I looked into flying into Rapid City, South Dakota and was surprised to find that plane tickets from Washington State were going to be almost $1,000 each! Ditto with Bismarck, North Dakota. It was time to change the Plan of Action. Fortunately, I found flights for just over $200 per person to Billings, Montana. A bit more driving, but we were on our way!

The second hurdle was hotel prices. I was kind of surprised by the cost of hotels; I get that it was summer, but they still seemed really high for parts of small town North and South Dakota. Once I discovered that our trip coincided with the Sturgis Motorcycle Rally in South Dakota, it all made more sense… I did ultimately find some reasonable prices for hotel rooms, but it took more research – and we didn’t stay at luxury accommodations…  Good thing my mama is flexible…

The car was another matter. For 12 days, our car ended up costing $497; which, with the exception of Colorado, is much higher than I have seen for my other long trips. Peak summer period, plus I think some of the higher price was due to the fact that the Takata airbag recall had taken so many rental cars off the road – car manufacturers were telling people not to drive their cars and were giving owners loaner rentals at no cost.  That would do it…  We booked a car originally at $525, then rebooked when the price went down to the $497 that we ended up with.  Ouch…

With our flight schedule set, I planned a loop that would begin in Montana and go through North and South Dakota, before moving into Wyoming and finally ending up back in Montana to fly home. I had an ambitious itinerary (don’t I always!) – Theodore Roosevelt National Park, Wind Cave National Park, Mount Rushmore, Badlands National Park and Devil’s Tower National Monument to start. With the extra loop in Montana for flights, I expanded the itinerary to include Little Bighorn Battlefield, Yellowstone National Park, and Grand Teton National Park. Since we were going to be so close, I also put Jewel Cave National Monument and the Crazy Horse Memorial on the list!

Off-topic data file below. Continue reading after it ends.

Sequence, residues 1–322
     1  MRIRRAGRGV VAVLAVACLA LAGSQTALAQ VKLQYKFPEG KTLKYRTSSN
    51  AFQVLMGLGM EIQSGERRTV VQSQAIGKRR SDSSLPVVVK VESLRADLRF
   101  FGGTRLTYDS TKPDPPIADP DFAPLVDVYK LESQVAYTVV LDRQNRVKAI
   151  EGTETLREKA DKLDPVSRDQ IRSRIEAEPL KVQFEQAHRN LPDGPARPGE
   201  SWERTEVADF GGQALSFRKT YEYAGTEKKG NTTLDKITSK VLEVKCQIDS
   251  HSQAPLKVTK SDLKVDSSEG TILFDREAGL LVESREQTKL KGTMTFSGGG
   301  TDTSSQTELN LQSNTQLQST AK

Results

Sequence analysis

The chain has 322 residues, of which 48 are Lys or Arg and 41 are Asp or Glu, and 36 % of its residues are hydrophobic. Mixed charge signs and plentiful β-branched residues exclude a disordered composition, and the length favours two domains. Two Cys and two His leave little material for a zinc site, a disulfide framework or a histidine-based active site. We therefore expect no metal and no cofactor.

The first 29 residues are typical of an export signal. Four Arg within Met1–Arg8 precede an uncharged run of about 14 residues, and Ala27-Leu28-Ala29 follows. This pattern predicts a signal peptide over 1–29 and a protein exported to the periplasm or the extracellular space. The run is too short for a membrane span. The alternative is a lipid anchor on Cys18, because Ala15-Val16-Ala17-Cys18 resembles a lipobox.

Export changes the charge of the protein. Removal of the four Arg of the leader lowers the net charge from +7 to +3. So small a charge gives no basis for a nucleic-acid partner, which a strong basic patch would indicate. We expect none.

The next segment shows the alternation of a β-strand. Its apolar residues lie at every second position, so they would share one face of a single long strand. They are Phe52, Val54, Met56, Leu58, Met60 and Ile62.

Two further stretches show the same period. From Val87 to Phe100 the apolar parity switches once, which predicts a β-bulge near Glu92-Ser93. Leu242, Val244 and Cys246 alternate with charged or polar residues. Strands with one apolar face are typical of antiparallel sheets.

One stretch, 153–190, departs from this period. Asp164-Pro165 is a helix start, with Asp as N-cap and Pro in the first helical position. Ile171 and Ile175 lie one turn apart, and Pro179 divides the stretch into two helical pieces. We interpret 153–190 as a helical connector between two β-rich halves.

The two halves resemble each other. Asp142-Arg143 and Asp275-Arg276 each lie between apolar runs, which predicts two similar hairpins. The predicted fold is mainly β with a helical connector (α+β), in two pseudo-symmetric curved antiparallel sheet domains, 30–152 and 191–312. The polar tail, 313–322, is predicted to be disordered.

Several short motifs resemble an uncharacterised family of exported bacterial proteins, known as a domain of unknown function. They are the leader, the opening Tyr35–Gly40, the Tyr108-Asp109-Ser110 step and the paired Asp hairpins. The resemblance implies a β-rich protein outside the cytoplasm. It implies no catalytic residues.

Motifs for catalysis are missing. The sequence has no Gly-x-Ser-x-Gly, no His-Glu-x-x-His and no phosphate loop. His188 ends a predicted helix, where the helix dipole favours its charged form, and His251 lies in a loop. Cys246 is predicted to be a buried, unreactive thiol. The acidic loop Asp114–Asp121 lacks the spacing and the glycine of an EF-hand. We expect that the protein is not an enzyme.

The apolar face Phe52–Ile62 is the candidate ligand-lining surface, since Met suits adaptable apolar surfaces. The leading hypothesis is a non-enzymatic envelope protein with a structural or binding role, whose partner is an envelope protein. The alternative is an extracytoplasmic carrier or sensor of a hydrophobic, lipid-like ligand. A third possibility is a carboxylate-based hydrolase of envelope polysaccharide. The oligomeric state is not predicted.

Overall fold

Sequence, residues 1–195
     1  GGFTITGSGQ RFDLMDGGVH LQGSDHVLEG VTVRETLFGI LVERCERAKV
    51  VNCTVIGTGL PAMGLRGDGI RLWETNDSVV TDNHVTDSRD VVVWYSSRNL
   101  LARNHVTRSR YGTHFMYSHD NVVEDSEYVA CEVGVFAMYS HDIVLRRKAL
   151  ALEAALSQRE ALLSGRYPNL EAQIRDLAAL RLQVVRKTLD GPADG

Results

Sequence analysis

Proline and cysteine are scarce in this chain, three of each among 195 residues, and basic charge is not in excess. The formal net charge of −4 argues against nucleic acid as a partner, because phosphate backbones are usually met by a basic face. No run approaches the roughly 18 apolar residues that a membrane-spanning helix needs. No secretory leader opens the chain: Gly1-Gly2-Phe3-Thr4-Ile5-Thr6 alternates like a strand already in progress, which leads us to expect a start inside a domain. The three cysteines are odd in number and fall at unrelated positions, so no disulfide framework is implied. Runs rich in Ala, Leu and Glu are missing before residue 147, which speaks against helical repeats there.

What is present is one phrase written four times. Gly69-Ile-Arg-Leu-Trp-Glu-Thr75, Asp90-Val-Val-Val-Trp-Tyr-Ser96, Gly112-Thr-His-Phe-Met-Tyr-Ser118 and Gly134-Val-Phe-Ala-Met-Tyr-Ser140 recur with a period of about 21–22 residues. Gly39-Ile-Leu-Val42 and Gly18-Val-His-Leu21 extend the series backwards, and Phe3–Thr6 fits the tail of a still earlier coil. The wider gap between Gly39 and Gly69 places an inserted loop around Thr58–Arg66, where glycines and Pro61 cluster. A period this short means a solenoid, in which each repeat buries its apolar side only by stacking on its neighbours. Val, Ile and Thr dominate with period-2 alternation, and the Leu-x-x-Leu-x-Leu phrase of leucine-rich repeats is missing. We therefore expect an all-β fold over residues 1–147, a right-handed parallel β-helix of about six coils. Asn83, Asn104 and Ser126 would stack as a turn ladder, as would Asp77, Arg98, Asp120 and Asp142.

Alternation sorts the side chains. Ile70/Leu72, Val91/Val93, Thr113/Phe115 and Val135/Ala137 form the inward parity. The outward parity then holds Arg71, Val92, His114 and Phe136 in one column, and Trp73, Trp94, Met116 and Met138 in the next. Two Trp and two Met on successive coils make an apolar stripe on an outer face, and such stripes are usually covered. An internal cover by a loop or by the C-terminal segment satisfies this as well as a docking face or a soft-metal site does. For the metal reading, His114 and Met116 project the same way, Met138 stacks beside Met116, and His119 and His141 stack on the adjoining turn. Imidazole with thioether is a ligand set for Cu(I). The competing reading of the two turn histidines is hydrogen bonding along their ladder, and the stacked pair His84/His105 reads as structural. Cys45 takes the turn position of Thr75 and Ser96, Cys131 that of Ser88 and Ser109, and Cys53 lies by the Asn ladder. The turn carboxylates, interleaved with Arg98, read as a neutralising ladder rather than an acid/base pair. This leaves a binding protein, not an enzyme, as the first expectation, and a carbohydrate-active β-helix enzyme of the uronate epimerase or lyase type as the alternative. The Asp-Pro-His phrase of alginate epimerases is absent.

west-trip-map

Our route wasn’t quite what appears in the map above, as Google Maps was not cooperating as I tried to drag its little points around to where I wanted them.  Technology… Sheesh… It is close though, and you get the gist…

I planned a crazy-busy trip, and I was excited to get started!

July 2016: Hood River

After our amazing rafting trip, my aunt, uncle, cousin and I camped on a sustainable practices organic farm.  There were chickens, turkeys, horses and pigs.  The farm had views of both Mount Adams and Mount Hood, and other than the sound of the irrigation ditch, it was really quiet out there.

The next morning, we packed up the tent and my aunt and uncle’s trailer and went to Hood River, Oregon to check out the town.  We watched people parasailing on the Columbia River.  We wandered the main streets and checked out the shops.  We went into two wineries too.

 

Paddle Wheel River Boats on the Columbia River

Paddle Wheel River Boats on the Columbia River

 

What's up with the weirdo on the cell phone?

What’s up with the weirdo on the cell phone?

The first was Cascade Cliffs Winery.   Our server was very friendly, and she served us some fantastic wines.  She explained that the logo for the winery is a petroglyph that was discovered on the vineyard property.  I bought the 2014 Dolcetto and the 2015 Symphony white blend there.  I haven’t had them yet, but I might have to open one soon!